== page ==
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Video projector colour wheels query

Discussion in 'Electronic Repair' started by N_Cook, Mar 18, 2013.

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  1. N_Cook

    N_Cook Guest

    Why is the red sector a denser colour than the blue or green sectors, or at
    least on 2 makes I've looked at, or would more objective/scientific analysis
    show the same colour density?
    It seems to mean that if the lamp becomes under-powered or dirty integrator/
    light tunnel etc then the reds become brown or plum , unless projected onto
    a small screen area
     
  2. "N_Cook" wrote in message
    Why should they be identical to the eye? The eye is less sensitive to red and
    blue than green. And red and blue wavelengths cover a narrower part of the
    spectrum than green, so less visible light gets through.

    http://thelawlers.com/Blognosticator/?p=104

    http://photo.net/filters-bags-tripods-accessories-forum/00WUUM
     
  3. N_Cook

    N_Cook Guest

    For both makes, completely different sizes etc, the transmissivity , by eye,
    of the blue sector matches the green sector .
    This projector is used for graphical displays and red indistinguishable from
    black at the usual diagonal is a problem. Cleaning the UV filter at the C/W
    and cleaning the surfaces of the integrator tunnel has improved things a bit
    but not enough. Orange or pink would probably be alright for this use
    instead of red but dark brown or dark plum is not.
    I just tried a scrapped dichroic C/W and it is quite easy to scrape lines in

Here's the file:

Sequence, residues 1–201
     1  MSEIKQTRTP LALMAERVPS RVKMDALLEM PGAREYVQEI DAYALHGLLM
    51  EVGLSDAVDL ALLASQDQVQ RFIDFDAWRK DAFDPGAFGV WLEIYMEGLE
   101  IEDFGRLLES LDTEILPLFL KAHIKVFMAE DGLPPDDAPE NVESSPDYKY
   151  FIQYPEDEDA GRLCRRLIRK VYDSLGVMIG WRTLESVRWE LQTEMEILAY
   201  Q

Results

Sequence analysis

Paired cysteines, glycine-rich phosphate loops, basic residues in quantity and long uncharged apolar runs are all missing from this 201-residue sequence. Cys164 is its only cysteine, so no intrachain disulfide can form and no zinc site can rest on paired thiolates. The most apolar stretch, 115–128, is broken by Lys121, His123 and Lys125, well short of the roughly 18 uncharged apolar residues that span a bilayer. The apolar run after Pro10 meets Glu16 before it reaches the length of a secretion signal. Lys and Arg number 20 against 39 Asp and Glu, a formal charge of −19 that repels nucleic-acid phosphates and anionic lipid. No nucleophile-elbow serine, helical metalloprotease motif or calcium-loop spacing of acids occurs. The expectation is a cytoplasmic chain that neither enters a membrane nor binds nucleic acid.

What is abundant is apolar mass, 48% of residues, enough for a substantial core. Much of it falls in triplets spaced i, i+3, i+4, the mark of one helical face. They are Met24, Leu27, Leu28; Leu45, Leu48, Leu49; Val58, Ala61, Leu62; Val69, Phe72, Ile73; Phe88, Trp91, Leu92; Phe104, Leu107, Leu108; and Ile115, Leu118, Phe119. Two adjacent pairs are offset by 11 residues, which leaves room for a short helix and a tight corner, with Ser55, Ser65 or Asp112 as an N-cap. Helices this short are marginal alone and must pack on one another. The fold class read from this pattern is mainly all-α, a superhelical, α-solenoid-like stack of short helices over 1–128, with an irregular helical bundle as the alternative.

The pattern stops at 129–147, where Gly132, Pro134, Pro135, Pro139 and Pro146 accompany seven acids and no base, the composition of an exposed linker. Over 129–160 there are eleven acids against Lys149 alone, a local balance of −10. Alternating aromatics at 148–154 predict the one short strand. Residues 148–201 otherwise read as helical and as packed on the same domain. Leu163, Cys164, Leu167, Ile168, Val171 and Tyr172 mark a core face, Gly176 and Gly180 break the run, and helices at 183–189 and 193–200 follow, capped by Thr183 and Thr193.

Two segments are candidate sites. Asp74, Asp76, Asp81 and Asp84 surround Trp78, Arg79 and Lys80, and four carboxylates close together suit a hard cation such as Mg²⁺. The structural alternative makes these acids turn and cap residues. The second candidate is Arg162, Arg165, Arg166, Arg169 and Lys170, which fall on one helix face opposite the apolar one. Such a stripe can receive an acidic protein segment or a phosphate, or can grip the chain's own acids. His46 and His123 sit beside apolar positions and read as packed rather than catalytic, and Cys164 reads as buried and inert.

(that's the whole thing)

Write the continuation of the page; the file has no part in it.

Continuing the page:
the coating , say 10 percent , to pass something more like an orange colour.
    Anyone ever done this to get round underpowered lamp problem and red/brown
    issue? Would heat build up from the multiple scratches compared to just the
    3 butt joins of the glass sectors , as made
    Why dichroic for primary colours transmission and reflection of the
    complement. In dichroic lamp reflectiors I can see a point in that it
    reflects the visible light and transmits the heat through the glass to be
    delt with by fans.
    I cannot see that reflecting the complement is a by-product of reflecting IR
    or UV back to the lamp.
     
  4. N_Cook

    N_Cook Guest

    Instead of destroying NASA tech, I decided to open up the hole in the mask
    between lamp and C/W, to see if getting more light will help, even if off
    principal axis. At least I can put a mask back if there is too much colour
    spill over from adjascent sectors, a more extreme version of adjusting the
    C/W delay . That did not work because if red is brown then brown does not
    become pinker by losing some red and gaining some blue from the sector on
    that side or going orange by losing some red and gaining some green from
    the other adjascent sector
     
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